Oxford University researchers believe real-life 'love pills' - that solve common marital woes and keep the passion alive - could soon be making their way into a marriage counselling session near you.
According to recent figures from the Office of National Statistics (ONS), recession-hit couples do try and stick together, but marital disharmony (caused by the pressures of job losses, uncertainty about the future and rising debt) often gets the better of them, causing divorce numbers to soar.
And with weekly reminders about high-profile unions, such as loved-up (and extremely wealthy) Heidi Klum and Seal hitting the rocks, combined with the worrying fact that one in three men don't marry for love - is it any wonder we struggle to keep the love alive?
But before you give up on love altogether, consider this – could the solution lie in a simple pill?
Not that pill (the contraceptive type that apparently alters a woman’s love for her partner) but a drug that is a potent concoction of essential neurohormones that make us fall – and stay – giddy in love.
According to a team of neuroethnicists, who have written an in-depth paper about the possibilities of a psychopharmaceutical ‘love drug’ - this could well be the future of marriage counselling.
Yes, soon you’ll be able to cut out the middle-man (the Relate counsellor) and get a prescription for love. Perhaps.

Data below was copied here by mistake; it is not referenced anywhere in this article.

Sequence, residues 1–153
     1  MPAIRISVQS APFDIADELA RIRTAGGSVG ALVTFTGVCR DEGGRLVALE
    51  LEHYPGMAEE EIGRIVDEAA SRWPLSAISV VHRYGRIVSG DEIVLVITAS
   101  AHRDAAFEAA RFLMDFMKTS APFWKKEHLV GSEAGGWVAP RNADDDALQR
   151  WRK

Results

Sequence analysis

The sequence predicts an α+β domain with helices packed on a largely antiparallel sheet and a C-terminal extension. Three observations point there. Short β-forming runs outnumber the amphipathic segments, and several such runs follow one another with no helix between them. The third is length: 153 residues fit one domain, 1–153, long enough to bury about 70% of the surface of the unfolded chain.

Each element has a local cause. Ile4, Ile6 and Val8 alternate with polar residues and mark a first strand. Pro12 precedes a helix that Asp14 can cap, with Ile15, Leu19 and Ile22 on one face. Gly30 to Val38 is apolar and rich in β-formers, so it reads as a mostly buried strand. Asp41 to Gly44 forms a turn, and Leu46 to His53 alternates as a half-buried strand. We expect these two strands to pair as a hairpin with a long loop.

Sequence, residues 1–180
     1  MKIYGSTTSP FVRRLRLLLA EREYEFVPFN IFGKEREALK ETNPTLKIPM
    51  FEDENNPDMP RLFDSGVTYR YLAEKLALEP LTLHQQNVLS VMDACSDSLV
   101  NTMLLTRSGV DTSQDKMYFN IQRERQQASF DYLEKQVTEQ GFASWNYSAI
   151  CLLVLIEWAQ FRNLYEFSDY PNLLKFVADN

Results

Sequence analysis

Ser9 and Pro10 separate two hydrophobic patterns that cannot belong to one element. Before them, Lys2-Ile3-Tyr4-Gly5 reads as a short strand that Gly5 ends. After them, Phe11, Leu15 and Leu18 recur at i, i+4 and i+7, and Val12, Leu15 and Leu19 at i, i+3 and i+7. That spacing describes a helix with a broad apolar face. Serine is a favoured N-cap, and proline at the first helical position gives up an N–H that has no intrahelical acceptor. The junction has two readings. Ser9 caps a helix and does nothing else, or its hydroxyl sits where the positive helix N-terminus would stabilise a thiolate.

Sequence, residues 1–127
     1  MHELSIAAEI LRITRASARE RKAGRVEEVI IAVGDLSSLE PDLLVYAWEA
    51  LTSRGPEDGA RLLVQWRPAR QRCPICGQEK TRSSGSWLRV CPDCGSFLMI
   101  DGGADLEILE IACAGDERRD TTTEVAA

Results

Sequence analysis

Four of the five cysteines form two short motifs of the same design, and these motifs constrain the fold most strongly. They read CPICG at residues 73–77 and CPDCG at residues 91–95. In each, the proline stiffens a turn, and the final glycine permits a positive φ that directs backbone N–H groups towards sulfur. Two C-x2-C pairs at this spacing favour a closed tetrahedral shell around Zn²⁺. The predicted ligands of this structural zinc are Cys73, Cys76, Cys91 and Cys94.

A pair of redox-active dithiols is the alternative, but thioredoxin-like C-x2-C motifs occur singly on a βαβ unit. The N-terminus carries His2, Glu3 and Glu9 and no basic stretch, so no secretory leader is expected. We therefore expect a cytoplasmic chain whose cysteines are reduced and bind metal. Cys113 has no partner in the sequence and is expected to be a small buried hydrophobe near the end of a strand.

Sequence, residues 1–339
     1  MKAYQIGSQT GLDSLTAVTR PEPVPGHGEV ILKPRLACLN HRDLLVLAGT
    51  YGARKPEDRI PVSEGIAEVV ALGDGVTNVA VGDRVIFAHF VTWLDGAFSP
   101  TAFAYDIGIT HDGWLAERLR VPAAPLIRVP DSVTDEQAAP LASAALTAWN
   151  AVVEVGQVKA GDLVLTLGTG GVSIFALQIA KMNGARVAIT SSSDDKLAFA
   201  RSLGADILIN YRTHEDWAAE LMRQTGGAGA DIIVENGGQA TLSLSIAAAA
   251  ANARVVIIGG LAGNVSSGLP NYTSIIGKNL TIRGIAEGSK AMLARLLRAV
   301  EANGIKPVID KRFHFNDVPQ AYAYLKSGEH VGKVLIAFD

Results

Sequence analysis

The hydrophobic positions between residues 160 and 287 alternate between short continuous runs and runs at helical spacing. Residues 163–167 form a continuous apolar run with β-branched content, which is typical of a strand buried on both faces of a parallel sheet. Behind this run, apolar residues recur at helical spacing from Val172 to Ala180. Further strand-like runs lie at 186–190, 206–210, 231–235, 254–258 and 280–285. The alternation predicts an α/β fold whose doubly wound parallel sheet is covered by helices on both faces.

In Neuroenhancement of Love and Marriage: The Chemicals Between Us, Oxford University researchers Julian Savulescu and Anders Sandberg claim that scientists may soon be able to interfere with the biology of human attraction with the help of chemical blockers and enhancers.
To do this, they would have to create a pill that contains the “modulators of love”, which could potentially help us stay together longer, increase attractiveness and decrease infidelity.
The essential ‘ingredients’ of the pill are:
These are odourless chemicals that trigger emotion responses, mainly sexual and attractiveness, between the opposite sex. If this was popped into a pill, it could potentially help people maintain the attraction they first felt for their partner.
Oxytocin and Vasopressin
Also known as the ‘bonding chemicals’, oxytocin and vasaopressin are hormones released in the body that promote physical bonding. The brain releases a high amount of these hormones during the early, romantic stages of a relationship. If these hormones were present in a pill, they could strengthen the sense of togetherness and bonds between couples.
High levels of testosterone increase the amount of sexual desire between the opposite sex. A testosterone-induced pill could aid flagging libidos.
Although this hormone (corticotropin-releasing hormone) can sometimes cause depression and anxiety, it also creates the fear of separation, which can help deepen the bond between two people.
This drug (found in MDMA pills like ecstasy) creates the feeling of openness and the desire for emotional closeness, claims the paper. This could increase the connection and sociability between people if it was present in a pill.
Would you give it a go?
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